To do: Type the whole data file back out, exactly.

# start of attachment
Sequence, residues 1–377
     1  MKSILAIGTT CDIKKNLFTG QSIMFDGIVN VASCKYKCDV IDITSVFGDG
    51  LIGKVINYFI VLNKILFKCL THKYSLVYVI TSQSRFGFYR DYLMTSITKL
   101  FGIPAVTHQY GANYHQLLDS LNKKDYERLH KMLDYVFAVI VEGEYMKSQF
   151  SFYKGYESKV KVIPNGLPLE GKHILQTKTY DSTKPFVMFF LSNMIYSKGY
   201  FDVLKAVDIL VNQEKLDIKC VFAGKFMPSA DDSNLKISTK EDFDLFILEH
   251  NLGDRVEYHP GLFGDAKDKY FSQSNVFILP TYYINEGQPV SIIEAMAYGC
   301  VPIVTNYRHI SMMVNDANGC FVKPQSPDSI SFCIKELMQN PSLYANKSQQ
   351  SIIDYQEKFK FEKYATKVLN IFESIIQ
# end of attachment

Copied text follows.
Sequence, residues 1–377
     1  MKSILAIGTT CDIKKNLFTG QSIMFDGIVN VASCKYKCDV IDITSVFGDG
    51  LIGKVINYFI VLNKILFKCL THKYSLVYVI TSQSRFGFYR DYLMTSITKL
   101  FGIPAVTHQY GANYHQLLDS LNKKDYERLH KMLDYVFAVI VEGEYMKSQF
   151  SFYKGYESKV KVIPNGLPLE GKHILQTKTY DSTKPFVMFF LSNMIYSKGY
   201  FDVLKAVDIL VNQEKLDIKC VFAGKFMPSA DDSNLKISTK EDFDLFILEH
   251  NLGDRVEYHP GLFGDAKDKY FSQSNVFILP TYYINEGQPV SIIEAMAYGC
   301  VPIVTNYRHI SMMVNDANGC FVKPQSPDSI SFCIKELMQN PSLYANKSQQ
   351  SIIDYQEKFK FEKYATKVLN IFESIIQ